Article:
How to Change a Child's Name in New York


In New York, you can change your child’s last name without going to court. This is called an informal name change. If you have a new last name your child can just start using it. You should know that if the other parent does not like the change they might be able to stop it. Also, schools and government agencies are likely to require that your child’s name match the one on their birth certificate.

There are 3 ways to officially change your child’s name.

1. You change your own last name

If you get a name change order, your child can take your new last name if the other parent is notified and agrees. You would need to request this in your court proceeding.

2. Paternity

The parents can sign a paternity agreement that adds the father’s name to the child’s birth certificate. Then, child can take the father’s last name, or a name combining the parents' names, if both parents agree.

3. To change your child’s name for any other reason

You have to ask the New York State Supreme Court to change your child’s name. To do that, you must fill out and file these court forms:

· Name Change Petition

· Notice to Interested Persons

· Name Change Order

· Request for Judicial Intervention (RJI) (original plus 2 copies)

· Index Number Application

Where can I get the court forms?

You can get forms:

· Online at

However, the forms currently available at this site will only work for an adult's name change.

Does the court need to see my child’s ID?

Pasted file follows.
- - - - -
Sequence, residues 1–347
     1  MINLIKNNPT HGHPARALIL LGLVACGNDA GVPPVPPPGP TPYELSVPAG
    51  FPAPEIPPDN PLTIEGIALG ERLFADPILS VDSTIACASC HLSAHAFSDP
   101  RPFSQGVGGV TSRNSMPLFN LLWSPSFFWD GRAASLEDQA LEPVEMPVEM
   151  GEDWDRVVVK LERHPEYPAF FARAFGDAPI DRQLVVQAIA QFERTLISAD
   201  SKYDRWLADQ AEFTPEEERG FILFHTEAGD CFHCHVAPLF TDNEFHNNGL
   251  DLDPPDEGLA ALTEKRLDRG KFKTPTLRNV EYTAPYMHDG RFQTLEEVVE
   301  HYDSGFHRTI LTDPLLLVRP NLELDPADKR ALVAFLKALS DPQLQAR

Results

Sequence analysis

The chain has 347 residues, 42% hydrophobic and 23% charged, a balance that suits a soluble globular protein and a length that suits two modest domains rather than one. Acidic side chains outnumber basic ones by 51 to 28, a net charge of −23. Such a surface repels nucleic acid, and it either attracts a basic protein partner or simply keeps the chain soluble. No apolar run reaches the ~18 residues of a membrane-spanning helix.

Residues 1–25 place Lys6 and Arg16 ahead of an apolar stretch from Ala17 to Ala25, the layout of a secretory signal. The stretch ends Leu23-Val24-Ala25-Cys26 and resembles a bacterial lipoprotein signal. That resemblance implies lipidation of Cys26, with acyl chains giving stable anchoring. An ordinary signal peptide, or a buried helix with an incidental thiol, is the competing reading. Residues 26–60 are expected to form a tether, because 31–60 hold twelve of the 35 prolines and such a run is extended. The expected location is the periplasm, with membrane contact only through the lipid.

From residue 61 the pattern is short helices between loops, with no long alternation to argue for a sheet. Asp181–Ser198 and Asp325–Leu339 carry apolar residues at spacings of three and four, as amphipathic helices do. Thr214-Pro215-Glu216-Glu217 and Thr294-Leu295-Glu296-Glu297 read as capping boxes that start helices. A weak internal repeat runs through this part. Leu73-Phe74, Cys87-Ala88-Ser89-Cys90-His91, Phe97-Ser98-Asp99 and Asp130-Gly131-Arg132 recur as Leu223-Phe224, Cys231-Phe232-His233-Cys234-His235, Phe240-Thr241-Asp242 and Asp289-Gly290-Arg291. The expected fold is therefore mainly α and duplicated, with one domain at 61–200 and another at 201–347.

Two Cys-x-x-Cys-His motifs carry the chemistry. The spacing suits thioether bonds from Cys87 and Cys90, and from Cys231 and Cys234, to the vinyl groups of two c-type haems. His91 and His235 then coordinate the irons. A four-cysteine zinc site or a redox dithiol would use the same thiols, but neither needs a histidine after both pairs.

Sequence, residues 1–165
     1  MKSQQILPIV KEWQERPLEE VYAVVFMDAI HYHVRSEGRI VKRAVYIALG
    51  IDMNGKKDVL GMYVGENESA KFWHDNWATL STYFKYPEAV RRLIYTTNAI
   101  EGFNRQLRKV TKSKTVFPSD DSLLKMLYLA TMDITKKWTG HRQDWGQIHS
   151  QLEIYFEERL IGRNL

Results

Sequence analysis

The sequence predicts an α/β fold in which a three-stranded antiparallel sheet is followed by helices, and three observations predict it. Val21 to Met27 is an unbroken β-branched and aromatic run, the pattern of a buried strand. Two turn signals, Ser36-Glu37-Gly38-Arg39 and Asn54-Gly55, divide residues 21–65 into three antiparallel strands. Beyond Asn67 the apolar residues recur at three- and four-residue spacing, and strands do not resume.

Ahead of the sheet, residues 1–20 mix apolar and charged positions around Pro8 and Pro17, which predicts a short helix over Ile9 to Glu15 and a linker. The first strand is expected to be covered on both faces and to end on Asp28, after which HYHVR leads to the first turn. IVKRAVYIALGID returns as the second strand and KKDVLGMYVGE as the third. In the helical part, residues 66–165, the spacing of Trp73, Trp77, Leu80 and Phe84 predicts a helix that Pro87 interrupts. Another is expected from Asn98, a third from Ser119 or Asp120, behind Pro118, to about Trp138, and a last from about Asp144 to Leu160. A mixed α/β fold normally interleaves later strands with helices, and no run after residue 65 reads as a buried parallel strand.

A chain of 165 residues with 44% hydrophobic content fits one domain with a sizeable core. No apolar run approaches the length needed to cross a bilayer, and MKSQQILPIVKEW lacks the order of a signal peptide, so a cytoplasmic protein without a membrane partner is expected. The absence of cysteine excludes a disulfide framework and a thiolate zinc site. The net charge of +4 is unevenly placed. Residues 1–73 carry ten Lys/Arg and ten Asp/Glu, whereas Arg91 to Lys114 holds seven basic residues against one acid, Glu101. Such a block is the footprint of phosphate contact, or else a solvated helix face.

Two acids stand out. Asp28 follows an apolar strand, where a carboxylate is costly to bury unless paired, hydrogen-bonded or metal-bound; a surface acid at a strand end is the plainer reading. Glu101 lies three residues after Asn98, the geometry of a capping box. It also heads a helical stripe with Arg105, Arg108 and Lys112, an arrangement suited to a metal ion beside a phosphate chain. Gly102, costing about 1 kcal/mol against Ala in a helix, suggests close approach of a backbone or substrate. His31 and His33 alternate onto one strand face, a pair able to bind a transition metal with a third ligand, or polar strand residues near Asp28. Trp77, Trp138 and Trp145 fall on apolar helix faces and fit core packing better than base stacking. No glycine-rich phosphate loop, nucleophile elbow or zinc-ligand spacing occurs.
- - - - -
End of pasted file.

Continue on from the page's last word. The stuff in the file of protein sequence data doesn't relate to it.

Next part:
Yes. You must submit a certified copy of your child’s birth certificate. In New York, you can get this from the state Department of Health. For more information, please visit them on the web here:

Where do I take my completed forms?

Take them to your local County Clerk’s Office. Ask the clerk to file them. The clerk will ask you to pay $305 to file your court papers.If you need to serve a notice to the other parent, you will pay $210.00 at filing and $95.00 after the notices are served.

Give the clerk all your papers and the fee, and the clerk will give you an index number. Write this number in the top-right corner of your:

· Notice of Petition

· Name Change Petition

· Name Change Order

Then, take your forms to the Supreme Court Clerk’s Office.

If the court agrees to the name change, it will mail you an order that allows you to change your child’s name. You then must file this order with the County Clerk.

If the court does not agree to the name change, call your County Clerk to learn how to appeal.

What else do I have to do to change my child’s name?

There are 2 more steps.

1. Unless the child's other parent has already agreed to the change in a notarized statement, you will need to give them notice of court. This notice must be given to them by an adult (it cannot be you.) You will need a sworn affidavit from the person who serves the notice.

2. The Court will only change your child’s name if there is a good reason. You have to give a reason for the change.

What happens if the other parent does not agree to the name change?

It can be very difficult to change your child’s name if the other parent does not agree to the name change. You can try an informal name change. You should know that the other parent can stop this if they learn about it.




You can find information about name change on the Court’s web site. Please visit




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This article provides general information about this subject. Laws affecting this subject may have changed since this article was written. For specific legal advice about a problem you are having, get the advice of a lawyer.  Receiving this information does not make you a client of our office.

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